General Information Banking
Business Etiquette Tips Embassy Locations and Registration
Employment-Legal Requirements Entry and Exit Requirements
Intellectual Property Legal and Registration of a Business Entity
Safety and Crime Taxes

General Information

Indonesia Indonesia is the world's largest archipelagic state consisting of more than 17,500 islands spread over 3,400 miles along the equator. As home to more than 300 ethnic groups, it also ranks as the world's fourth-largest country. 

A 1,500 year-old country with a rich history, Indonesia embraces numerous unique cultures, and it continues to be a popular tourist destination. As home to the world's largest Muslim population, Islamic interests play a large role in the country's foreign policy decisions. 

Indonesia held its first democratic elections in 2004 and elected its first president and vice president into office by popular vote.  Indonesia and the United States both share the common goal of maintaining peace, security, and stability in the region and engaging in dialogue regarding threats to regional security. 

Indonesia's geographic location between Australia and Asia as well as its topography (which includes 400 volcanoes, 100 of which are active) make the country prone to natural disasters and heavy seismic upheaval. In recent years, natural disasters have devastated many areas of the country and left thousands homeless, making the alleviation of poverty a top concern for the new government. 

In spite of numerous setbacks, the country has made significant strides in economic development, and it has introduced reforms geared toward increasing foreign investment and streamlining the process to make it more attractive. If its current growth continues, Indonesia is slated to become the world's 14th largest economy by 2025.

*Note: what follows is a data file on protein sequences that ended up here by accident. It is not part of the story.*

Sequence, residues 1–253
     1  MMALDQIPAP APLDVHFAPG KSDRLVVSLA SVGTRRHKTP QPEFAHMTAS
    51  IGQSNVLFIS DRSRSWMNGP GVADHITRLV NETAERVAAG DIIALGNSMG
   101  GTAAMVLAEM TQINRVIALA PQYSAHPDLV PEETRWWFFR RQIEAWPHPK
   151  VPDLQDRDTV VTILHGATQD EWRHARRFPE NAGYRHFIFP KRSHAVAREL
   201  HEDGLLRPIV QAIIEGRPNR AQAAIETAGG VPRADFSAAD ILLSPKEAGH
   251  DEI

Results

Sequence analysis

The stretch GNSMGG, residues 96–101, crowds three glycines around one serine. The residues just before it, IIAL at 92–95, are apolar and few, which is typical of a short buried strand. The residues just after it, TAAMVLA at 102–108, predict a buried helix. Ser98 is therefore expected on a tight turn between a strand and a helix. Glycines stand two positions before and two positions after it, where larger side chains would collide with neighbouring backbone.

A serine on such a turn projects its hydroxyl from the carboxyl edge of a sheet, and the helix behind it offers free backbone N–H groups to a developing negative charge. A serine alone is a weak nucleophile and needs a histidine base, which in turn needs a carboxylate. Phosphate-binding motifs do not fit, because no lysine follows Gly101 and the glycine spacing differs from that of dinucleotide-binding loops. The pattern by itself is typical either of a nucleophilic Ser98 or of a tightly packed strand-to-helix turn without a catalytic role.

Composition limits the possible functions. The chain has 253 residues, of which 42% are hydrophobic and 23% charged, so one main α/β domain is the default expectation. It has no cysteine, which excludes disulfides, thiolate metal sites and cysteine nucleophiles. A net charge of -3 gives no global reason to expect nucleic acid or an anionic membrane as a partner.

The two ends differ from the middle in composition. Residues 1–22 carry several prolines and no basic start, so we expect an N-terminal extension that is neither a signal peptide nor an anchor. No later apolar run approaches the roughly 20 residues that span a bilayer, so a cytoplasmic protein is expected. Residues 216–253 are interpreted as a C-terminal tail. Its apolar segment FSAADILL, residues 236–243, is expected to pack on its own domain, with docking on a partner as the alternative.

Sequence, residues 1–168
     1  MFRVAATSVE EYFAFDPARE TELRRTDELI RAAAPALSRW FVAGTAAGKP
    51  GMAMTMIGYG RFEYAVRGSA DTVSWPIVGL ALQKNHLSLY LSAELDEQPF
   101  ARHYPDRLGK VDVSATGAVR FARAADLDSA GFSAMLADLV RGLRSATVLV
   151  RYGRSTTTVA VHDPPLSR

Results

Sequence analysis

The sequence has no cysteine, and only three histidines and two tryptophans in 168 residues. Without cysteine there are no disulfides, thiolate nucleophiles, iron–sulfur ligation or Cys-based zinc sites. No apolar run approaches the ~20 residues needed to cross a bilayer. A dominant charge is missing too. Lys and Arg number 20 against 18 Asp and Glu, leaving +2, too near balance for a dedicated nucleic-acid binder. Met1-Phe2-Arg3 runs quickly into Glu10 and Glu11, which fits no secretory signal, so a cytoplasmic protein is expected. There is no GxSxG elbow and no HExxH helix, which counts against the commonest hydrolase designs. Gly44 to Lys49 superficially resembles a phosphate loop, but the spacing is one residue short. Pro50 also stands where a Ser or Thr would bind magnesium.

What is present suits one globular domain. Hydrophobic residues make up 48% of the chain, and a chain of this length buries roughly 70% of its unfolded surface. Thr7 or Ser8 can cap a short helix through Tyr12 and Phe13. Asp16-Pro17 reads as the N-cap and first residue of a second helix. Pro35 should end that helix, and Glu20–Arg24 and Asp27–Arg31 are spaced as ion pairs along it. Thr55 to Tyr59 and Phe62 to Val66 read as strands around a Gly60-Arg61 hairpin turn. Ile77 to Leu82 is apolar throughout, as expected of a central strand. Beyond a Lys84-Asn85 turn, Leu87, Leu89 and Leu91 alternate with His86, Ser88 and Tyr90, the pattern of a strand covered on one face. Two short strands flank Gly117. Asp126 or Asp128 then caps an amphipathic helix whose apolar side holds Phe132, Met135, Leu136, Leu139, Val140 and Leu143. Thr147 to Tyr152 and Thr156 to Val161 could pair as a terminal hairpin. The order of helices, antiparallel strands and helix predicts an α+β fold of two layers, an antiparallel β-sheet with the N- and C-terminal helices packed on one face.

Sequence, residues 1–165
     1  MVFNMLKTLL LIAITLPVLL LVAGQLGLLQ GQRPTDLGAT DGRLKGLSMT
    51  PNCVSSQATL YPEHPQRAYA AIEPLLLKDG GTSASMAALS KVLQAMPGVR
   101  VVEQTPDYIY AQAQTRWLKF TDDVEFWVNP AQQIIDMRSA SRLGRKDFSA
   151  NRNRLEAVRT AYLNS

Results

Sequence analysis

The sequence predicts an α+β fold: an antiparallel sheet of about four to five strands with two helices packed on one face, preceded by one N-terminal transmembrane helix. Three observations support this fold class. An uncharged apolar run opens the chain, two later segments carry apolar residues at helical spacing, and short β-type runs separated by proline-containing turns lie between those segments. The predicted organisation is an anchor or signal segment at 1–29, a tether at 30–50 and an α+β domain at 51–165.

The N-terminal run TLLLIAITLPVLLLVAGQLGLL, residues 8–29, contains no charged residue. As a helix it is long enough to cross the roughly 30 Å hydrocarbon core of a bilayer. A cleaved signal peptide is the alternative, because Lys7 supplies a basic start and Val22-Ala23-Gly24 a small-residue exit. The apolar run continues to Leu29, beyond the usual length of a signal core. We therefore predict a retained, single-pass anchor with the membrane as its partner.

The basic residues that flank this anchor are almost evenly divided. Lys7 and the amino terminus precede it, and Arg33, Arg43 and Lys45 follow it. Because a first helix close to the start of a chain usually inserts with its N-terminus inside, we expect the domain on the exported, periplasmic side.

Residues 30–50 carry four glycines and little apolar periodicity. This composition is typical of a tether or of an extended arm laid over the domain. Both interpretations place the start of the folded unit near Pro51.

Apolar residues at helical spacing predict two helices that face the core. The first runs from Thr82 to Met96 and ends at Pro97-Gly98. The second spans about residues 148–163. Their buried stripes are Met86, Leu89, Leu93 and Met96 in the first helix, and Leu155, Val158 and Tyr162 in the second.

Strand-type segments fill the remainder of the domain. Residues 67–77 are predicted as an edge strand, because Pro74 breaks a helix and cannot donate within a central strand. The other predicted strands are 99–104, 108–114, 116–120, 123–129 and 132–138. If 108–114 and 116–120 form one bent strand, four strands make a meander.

There may be political unrest and/or targeted crime against visitors to the country.  Travelers should check with the U.S. State Department Web site for current travel safety information.

Major Cities Capital: Jakarta (estimated population 8.8 million).
Major cities: Surabaya, Medan, and Bandung.
Official Currency Indonesia's official currency is the Indonesian rupiah (IDR).
Time Zone UTC+7 (12 hours ahead of Washington, D.C. during Standard Time). Note: Indonesia is divided into three time zones.
Language Bahasa Indonesia (official, modified form of Malay).  English, Dutch, and local dialects (the most widely spoken of which is Javanese). English is the most widely spoken foreign language.

Legal System and Government

Type of Legal System

The Indonesian legal system is based on Roman-Dutch law, but it is substantially modified by indigenous concepts, new criminal procedures, and election codes. It has not accepted compulsory International Court of Justice (ICJ) jurisdiction.

Form of Government

Independent republic with a constitutional democracy and an executive president.



The Indonesian central bank, Bank Indonesia, announced plans in January 2005 to strengthen the banking sector by encouraging consolidation and improving prudential banking and supervision.

Available Banking Services

Online banking
Banking in English
Overdraft protection

Bank Holidays

New Year's Day 
El am Hejir New Year 
Chinese New Year 
Nyepi Day (Balinese New Year)
Prophet's Anniversary (Eid-Milad Nnabi)
Good Friday 
Hindu, Lao, Navratra, Songkran, Tamil,